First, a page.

Introduction to Marketing Quality

The Passion and Purpose of Design

Do you want your marketing to be good? Do you want it to be great?
Over the next few months, this series of articles will provide practical tips to help you create a great marketing message and make your business more successful. We will explore your customer experience, web marketing, graphic design and writing. But today, we need to establish a foundation for the marketing tools that will come later.
Marketing is really all about design. Great marketing is about quality design. We design graphics. We craft stories and narratives. We compose photographs of happy, smiling people for the advertising campaigns we planned. We design grand brand strategies with flow charts. We even design our budgets.
We design every communication we have with customers, whether intentionally or not. We need to take ownership of our design and design for quality.
Robert Pirsig writes in his book, Zen and the Art of Motorcycle Maintenance, that quality cannot be defined, but it does exist, and we all know what it is. He describes quality as a train in motion. Everything we know is catalogued in boxcars, and everything we don’t know yet lays on the track in front of us. To practice quality, we need to acknowledge that reality is constantly changing, and we must combine what we’ve always known with what we’re about to learn.  In business, aspects about our customers are constantly changing, and we need to keep up by designing our customer interactions with quality.1
To create quality design, we need to have a passion for it. Pirsig describes it as “caring” and writes, “Care and Quality are internal and external aspects of the same thing. A person who sees Quality and feels it as he works is a person who cares.2” Passion is a mindset, and that is why we have to establish the quality mindset before explaining specific tools or methods.
Lack of passion leads to an overabundance of mediocrity and—even worse—a lack of purpose. If the purpose of the design is lost, then the design is useless.
In Ayn Rand’s The Fountainhead, a small group of architects fight for the purpose of design. The protagonist Howard Roark designed buildings to help make living a joy, not to impress the neighbors or conform with precedent. He had a passion for building what “should be” and never settled for mediocrity. As he exchanged with a prospective client who asked him to use supposedly decorative flourishes:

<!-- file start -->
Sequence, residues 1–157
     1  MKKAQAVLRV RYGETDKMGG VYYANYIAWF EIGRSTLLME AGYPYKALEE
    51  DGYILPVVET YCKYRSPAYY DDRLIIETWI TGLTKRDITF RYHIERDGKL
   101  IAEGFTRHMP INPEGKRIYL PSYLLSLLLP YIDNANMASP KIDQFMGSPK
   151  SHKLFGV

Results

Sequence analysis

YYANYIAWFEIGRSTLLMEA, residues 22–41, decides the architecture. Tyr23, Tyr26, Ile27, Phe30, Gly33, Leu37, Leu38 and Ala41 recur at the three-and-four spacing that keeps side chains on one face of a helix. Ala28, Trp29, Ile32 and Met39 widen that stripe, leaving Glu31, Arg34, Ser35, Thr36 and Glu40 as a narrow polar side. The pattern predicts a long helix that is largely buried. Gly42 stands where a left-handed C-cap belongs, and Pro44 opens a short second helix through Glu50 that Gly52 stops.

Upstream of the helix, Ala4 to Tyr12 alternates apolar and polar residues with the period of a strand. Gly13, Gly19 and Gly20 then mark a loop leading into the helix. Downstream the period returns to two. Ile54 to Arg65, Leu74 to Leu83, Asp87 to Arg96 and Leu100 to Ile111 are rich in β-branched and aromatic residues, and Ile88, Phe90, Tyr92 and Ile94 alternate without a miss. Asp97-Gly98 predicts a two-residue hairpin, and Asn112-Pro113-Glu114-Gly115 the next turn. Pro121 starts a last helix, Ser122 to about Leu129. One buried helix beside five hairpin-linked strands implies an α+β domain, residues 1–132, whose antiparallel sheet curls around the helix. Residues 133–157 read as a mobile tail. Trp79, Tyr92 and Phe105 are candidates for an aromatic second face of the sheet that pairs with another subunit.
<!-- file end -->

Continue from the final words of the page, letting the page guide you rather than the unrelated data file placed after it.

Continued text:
“’Mr. Janss, when you buy an automobile, you don’t want it to have rose garlands about the windows, a lion on each fender and an angel sitting on the roof. Why don’t you?’
‘That would be silly,’ stated Mr. Janss.
‘Why would it be silly? Now I think it would be beautiful. Besides, Louis the Fourteenth had a carriage like that and what was good enough for Louis is good enough or for us. We shouldn’t go in for rash innovations and we shouldn’t break with tradition.’
‘Now you know damn well you don’t believe anything of the sort!’
‘I know I don’t. But that’s what you believe, isn’t it? Now take a human body. Why wouldn’t you like to see a human body with a curling tail with a crest of ostrich feathers at the end? And with ears shaped like acanthus leaves? It would be ornamental, you know, instead of the stark, bare ugliness we have now. Well, why don’t you like the idea? Because it would be useless and pointless. Because the beauty of the human body is that it doesn’t have a single muscle which doesn’t serve its purpose; that there’s not a line wasted; that every detail of it fits one idea, the idea of a man and the life of a man.’”3
Purposeful design is not limited to architects. The purpose of marketing design is to focus on the customer. We want to inform our customers, delight them, help them use our products and get them to do things (like buy something or refer a friend). Don’t focus on competitors, impressing trade groups or what you did last year unless it helps you with your customer goals.
Don’t let your next web page be mediocre. Think again before letting Val-Pak design your company’s ad for you. Realize that a typo speaks more about you than anything else you’ve written. If you seek out passionate, purposeful design, you will see the results in your bottom line.